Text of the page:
It is better to remain silent and be thought a fool than to speak and leave no doubt.

Marc

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Re: The Bach Cantatas
« Reply #1065 on: August 05, 2019, 01:30:38 PM »

Cross-posted from WAYLT.  Setting out on a new voyage here, any guidance or suggestions welcome :)

If you like Leusink… only better things will await. (My tuppence worth.)

If you don't like him, don't turn your back on the works though. In that case, I'd pick a few recordings of Philippe Herreweghe, because, IMHO he's the most solid and (in general) convincing interpreter of the last 3 to 4 decades. (My tuppence worth again. ;))

I.c. the works: here's a 'rating index' by Simon Crouch. Could be helpful. (Of course, his tuppence… never mind.)

http://www.classical.net/music/comp.lst/works/bachjs/rateindx.php

Offline jwinter

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Re: The Bach Cantatas
« Reply #1066 on: August 07, 2019, 05:39:34 AM »
Thanks for the advice!  Going is slow but steady so far, I've got through about the first half dozen discs.  I'm a bit hampered in that Brilliant Classics doesn't provide any English translations for the texts, so I'm obliged to dig around on the web.  I've found a few decent websites with translations, but I'd love to find something that I could download, so that I could easily follow along on an ereader or tablet while listening.

I've read through this thread and a few other places online, and I can see that the overwhelming consensus is that Leusink will need to be supplemented at some point.  For now I'm content to stick with it as I familiarize myself with the works -- heck, I've already got it, and to my ears (having heard no other versions) it sounds fine so far.  If things continue apace I'll probably keep my eyes open for a few single discs to sample other approaches.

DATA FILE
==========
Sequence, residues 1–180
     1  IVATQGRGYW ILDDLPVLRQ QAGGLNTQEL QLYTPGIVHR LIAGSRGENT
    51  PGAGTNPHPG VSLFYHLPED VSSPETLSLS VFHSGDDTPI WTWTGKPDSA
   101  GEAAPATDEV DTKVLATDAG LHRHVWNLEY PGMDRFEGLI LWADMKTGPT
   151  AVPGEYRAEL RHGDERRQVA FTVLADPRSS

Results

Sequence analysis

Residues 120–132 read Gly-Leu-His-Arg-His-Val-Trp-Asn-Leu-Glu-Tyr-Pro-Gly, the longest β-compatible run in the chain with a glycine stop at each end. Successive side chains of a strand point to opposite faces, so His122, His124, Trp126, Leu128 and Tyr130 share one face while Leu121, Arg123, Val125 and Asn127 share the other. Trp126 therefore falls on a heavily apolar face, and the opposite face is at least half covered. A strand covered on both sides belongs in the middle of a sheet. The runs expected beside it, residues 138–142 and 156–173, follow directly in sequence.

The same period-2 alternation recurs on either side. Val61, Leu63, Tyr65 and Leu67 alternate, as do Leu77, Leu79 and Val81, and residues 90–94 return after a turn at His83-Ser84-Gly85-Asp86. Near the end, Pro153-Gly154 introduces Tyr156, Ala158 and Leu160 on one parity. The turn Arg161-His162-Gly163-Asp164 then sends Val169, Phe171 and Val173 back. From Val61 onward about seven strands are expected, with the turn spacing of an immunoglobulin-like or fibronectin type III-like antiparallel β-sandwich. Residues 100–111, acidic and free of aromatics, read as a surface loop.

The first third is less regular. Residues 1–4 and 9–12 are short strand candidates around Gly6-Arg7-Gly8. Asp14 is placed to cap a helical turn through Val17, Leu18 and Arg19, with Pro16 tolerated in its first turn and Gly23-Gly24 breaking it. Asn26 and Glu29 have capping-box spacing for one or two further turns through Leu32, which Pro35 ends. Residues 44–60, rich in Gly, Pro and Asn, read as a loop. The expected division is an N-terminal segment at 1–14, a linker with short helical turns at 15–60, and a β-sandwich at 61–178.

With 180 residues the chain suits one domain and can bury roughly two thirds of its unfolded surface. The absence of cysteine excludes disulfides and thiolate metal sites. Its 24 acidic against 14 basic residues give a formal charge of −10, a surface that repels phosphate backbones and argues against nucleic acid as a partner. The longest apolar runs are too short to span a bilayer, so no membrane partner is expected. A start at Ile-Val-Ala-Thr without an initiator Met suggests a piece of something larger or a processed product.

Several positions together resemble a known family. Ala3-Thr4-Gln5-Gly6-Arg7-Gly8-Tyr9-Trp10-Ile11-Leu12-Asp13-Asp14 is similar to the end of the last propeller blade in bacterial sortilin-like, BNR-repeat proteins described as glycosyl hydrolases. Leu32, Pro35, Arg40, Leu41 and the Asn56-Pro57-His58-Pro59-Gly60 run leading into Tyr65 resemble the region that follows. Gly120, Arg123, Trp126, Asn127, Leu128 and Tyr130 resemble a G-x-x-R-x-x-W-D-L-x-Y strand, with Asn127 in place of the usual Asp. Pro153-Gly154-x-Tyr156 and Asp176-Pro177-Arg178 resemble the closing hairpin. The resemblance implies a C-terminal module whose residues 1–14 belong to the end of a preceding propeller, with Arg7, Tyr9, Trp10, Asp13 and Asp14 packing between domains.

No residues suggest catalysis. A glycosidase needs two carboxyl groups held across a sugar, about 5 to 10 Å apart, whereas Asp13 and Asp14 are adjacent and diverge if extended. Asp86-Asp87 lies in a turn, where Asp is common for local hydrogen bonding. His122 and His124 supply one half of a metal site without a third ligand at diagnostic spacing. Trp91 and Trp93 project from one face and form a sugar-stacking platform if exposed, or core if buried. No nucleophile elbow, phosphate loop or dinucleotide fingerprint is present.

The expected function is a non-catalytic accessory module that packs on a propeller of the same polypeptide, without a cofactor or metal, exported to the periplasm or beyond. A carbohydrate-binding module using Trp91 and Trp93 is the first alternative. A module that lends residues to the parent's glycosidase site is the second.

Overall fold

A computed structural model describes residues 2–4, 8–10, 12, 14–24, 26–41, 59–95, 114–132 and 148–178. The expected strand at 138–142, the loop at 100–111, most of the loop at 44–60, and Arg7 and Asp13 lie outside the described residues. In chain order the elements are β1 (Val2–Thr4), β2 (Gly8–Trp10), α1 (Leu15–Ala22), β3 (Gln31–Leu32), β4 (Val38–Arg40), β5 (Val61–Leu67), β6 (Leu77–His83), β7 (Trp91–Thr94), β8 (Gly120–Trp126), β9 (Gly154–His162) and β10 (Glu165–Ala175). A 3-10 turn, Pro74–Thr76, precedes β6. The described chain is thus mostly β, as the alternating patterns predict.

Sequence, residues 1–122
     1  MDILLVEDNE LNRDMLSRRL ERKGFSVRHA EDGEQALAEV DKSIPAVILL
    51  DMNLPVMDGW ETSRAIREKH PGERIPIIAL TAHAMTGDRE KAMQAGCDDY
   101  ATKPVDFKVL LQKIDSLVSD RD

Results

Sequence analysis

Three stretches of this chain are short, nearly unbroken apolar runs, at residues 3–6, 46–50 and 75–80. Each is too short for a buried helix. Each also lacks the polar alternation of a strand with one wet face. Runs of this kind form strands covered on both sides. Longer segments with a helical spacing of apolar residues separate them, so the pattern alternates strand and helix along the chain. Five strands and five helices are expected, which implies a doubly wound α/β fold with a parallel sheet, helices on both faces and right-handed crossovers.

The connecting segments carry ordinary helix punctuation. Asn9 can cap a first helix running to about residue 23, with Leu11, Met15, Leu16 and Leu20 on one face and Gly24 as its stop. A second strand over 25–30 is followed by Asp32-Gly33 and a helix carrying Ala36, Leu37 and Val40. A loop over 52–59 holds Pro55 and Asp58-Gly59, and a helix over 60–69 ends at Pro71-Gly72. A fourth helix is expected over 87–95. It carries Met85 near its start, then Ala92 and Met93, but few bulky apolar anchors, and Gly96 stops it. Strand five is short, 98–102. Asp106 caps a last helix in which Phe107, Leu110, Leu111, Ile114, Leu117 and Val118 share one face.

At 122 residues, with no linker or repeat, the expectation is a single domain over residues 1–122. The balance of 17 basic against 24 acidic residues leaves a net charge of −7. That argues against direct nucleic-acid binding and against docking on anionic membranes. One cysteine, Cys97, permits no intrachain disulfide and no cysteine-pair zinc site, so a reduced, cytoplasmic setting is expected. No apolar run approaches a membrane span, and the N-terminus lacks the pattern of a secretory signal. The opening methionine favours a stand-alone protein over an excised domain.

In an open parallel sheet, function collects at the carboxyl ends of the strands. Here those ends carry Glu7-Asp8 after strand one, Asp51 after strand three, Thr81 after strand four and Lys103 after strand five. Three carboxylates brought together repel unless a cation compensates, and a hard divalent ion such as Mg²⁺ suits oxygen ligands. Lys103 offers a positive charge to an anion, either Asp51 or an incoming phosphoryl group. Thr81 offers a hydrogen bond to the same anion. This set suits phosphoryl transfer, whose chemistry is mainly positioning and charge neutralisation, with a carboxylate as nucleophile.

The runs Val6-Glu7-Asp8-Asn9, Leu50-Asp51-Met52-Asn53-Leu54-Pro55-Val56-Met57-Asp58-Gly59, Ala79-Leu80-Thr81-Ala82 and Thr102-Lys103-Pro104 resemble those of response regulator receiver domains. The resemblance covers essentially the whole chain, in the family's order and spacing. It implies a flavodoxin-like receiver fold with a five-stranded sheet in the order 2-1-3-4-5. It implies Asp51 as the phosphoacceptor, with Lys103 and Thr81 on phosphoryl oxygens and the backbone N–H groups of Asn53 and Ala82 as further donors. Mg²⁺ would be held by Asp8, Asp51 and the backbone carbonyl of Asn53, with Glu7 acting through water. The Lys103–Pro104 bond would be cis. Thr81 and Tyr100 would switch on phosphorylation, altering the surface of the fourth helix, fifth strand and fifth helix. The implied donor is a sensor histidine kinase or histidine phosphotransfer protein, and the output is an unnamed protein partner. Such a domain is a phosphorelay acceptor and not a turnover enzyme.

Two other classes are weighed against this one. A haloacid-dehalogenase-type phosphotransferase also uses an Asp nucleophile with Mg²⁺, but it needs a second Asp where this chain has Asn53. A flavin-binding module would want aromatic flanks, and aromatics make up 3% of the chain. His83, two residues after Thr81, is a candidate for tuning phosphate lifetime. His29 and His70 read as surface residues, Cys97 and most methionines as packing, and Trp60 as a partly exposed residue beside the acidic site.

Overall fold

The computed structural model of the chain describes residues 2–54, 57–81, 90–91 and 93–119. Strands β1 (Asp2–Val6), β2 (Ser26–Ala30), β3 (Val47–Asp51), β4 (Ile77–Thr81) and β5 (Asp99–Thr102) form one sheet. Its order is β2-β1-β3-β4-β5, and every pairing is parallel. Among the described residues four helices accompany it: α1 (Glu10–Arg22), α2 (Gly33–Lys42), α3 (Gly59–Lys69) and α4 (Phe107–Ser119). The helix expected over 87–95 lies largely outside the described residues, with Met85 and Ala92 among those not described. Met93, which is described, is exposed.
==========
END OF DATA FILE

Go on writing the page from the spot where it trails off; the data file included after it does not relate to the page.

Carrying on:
Cheers! 
The man that hath no music in himself,
Nor is not moved with concord of sweet sounds,
Is fit for treasons, stratagems, and spoils.
The motions of his spirit are dull as night,
And his affections dark as Erebus.
Let no such man be trusted.

-- William Shakespeare, The Merchant of Venice

Offline aligreto

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Re: The Bach Cantatas
« Reply #1067 on: August 07, 2019, 06:53:16 AM »
Thanks for the advice!  Going is slow but steady so far, I've got through about the first half dozen discs.  I'm a bit hampered in that Brilliant Classics doesn't provide any English translations for the texts, so I'm obliged to dig around on the web.  I've found a few decent websites with translations, but I'd love to find something that I could download, so that I could easily follow along on an ereader or tablet while listening.

I've read through this thread and a few other places online, and I can see that the overwhelming consensus is that Leusink will need to be supplemented at some point.  For now I'm content to stick with it as I familiarize myself with the works -- heck, I've already got it, and to my ears (having heard no other versions) it sounds fine so far.  If things continue apace I'll probably keep my eyes open for a few single discs to sample other approaches.